I was born in Fürth, Germany, and studied Molecular Medicine at the University of Erlangen, Germany. Over the last decade, my research focused on the biological aspects of cell motility, cytoskeletal dynamics, chemoattractant sensing and cell-cell communication and how these coordinate single cell and population dynamics during innate immune responses. During my PhD work we challenged the paradigm that cell migration necessitates adhesive interactions between cells and their environment. We made the surprising observation that immune cell motility outside the vasculature relies almost exclusively on shape changes driven by the actomyosin cytoskeleton. These findings significantly contributed to our current view that immune cell migration within tissues is largely independent from the molecular composition of the environment, and were awarded the Otto-Westphal-Prize of the German Society for Immunology. My postdoctoral work provided the first molecular map of the multi-step process that leads to the accumulation of sentinel immune cells, best described by a model of swarming movements. This work revealed a mechanism by which these cells communicate with each other and bring about their collective behavior in inflamed and infected tissues. The Robert-Koch Foundation recognized this work with their Postdoctoral Award. Since January 2015 I am heading the MPRG “Immune Cell Dynamics” in Freiburg. In 2016, the European Research Council decided to support our work with an ERC-StG.
Education and positions held
- 2015 – present
- MPI of Immunobiology and Epigenetics (MPRGL)
- 2009 – 2014
- Laboratory of Systems Biology, NIAID, National Institutes of Health, Bethesda, USA (Postdoc)
- 2004 – 2009
- MPI of Biochemistry/LMU Munich (PhD thesis)
- 1999 – 2004
- University of Erlangen-Nurembourg, Germany (Molecular Medicine)
The goal of our research is to understand how innate immune cells coordinate their tissue dynamics and communicate with each other to achieve an optimal innate immune response. In particular, we are interested in the mechanisms that shape single cell and population dynamics of immune cells in the complexity of inflamed and infected tissues. We seek to understand the spectrum of migrating immune cells, ranging from fast-moving sentinel cells (e.g. neutrophils) to very slow tissue-resident immune cells (e.g. mast cells).While we have learned from in vitro studies how defined stimuli can alter immune cell function under well-defined experimental conditions, we hardly understand how innate immune cells control their dynamics in physiological environments. Visualization of innate immune responses in inflamed and infected mouse tissues by two-photon intravital microscopy is our starting point for understanding immune cell dynamics in their natural environment. We combine live cell imaging in mice, tissue explants and 3D in vitro models with mouse genetics, models of inflammation and infection, and novel, often custom-built approaches to unmask the functional regulation of immune cell dynamics. Our research seeks to find a conceptual framework how innate immune cells integrate the plethora of signals arising in inflammatory environments and coordinate their dynamic behaviour with other tissue-resident immune cells in the context of inflammatory and infectious diseases.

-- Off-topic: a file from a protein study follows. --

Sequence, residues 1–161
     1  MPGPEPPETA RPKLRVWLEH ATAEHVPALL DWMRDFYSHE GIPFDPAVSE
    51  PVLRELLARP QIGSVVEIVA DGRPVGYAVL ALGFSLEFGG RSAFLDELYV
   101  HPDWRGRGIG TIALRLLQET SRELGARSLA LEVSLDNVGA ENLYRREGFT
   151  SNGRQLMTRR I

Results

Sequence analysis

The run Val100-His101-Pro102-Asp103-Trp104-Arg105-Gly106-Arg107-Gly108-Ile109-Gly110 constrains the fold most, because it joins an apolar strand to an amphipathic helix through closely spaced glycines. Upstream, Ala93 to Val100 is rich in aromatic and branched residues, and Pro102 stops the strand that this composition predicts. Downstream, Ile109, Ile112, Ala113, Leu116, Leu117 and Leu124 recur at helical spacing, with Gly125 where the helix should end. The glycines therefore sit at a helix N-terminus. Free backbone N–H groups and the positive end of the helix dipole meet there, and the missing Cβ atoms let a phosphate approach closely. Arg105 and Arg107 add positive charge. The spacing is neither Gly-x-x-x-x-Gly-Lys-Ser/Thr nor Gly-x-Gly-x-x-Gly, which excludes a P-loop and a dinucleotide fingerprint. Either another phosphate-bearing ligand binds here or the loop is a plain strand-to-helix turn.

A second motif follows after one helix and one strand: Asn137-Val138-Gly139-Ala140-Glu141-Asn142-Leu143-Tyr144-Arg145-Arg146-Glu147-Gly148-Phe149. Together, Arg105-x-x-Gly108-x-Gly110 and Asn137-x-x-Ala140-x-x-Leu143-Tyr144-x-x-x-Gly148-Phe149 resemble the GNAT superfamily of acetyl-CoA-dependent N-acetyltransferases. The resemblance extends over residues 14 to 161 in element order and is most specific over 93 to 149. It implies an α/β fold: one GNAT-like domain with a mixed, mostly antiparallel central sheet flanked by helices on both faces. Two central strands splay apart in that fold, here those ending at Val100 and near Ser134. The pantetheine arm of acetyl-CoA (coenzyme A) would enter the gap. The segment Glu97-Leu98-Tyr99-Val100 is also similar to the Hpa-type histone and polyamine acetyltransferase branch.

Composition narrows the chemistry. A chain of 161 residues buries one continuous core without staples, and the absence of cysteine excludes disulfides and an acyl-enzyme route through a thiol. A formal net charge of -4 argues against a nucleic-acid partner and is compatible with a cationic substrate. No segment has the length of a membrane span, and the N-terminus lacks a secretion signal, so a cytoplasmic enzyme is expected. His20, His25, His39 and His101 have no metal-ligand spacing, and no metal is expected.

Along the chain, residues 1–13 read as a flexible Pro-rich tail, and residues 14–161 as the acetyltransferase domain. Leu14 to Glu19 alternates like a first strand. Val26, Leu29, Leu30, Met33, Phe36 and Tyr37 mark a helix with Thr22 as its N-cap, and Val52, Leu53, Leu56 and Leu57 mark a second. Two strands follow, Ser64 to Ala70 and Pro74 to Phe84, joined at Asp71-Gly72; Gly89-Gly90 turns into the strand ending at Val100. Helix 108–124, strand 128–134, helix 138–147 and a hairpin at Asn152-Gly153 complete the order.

- Lämmermann T, Bader BL, Monkley SJ, Worbs T, Wedlich-Söldner R, Hirsch K, Keller M, Förster R, Critchley DR, Fässler R, Sixt M. Rapid leukocyte migration by integrin-independent flowing and squeezing. Nature. 2008 453(7191): 51-55.
- Lämmermann T, Afonso PV, Angermann BR, Wang JM, Kastenmüller W, Parent CA, Germain RN. Neutrophil swarms require LTB4 and integrins at sites of cell death in vivo. Nature. 2013 498(7454): 371-5.
- Lämmermann T, and Sixt M. Mechanical modes of “amoeboid“ cell migration. Curr Opin Cell Biol. 2009 21(5): 636-644. Review.
- Kienle K, and Lämmermann T. Neutrophil swarming: an essential process of the neutrophil tissue response. Immunol Rev. 2016 273(1): 76-93. Review.
- Lämmermann T, Kastenmüller W. Concepts of GPCR-controlled navigation in the immune system. Immunol Rev. 2019 289(1): 205-231. Review.